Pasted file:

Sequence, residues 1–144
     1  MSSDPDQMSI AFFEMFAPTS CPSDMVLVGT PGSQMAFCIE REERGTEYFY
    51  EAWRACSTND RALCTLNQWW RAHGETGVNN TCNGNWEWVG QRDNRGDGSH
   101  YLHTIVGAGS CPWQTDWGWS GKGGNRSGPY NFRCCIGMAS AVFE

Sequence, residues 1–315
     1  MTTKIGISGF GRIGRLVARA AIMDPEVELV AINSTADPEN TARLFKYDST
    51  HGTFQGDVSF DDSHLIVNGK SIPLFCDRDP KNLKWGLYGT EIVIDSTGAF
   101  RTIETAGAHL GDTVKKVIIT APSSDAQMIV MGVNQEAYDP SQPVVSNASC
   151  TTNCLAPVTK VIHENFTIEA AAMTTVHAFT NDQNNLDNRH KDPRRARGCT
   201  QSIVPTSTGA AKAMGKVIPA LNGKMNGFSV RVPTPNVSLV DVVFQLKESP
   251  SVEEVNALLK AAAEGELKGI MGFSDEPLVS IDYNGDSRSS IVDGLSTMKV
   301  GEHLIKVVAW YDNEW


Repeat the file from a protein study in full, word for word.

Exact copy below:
Sequence, residues 1–144
     1  MSSDPDQMSI AFFEMFAPTS CPSDMVLVGT PGSQMAFCIE REERGTEYFY
    51  EAWRACSTND RALCTLNQWW RAHGETGVNN TCNGNWEWVG QRDNRGDGSH
   101  YLHTIVGAGS CPWQTDWGWS GKGGNRSGPY NFRCCIGMAS AVFE

Sequence, residues 1–315
     1  MTTKIGISGF GRIGRLVARA AIMDPEVELV AINSTADPEN TARLFKYDST
    51  HGTFQGDVSF DDSHLIVNGK SIPLFCDRDP KNLKWGLYGT EIVIDSTGAF
   101  RTIETAGAHL GDTVKKVIIT APSSDAQMIV MGVNQEAYDP SQPVVSNASC
   151  TTNCLAPVTK VIHENFTIEA AAMTTVHAFT NDQNNLDNRH KDPRRARGCT
   201  QSIVPTSTGA AKAMGKVIPA LNGKMNGFSV RVPTPNVSLV DVVFQLKESP
   251  SVEEVNALLK AAAEGELKGI MGFSDEPLVS IDYNGDSRSS IVDGLSTMKV
   301  GEHLIKVVAW YDNEW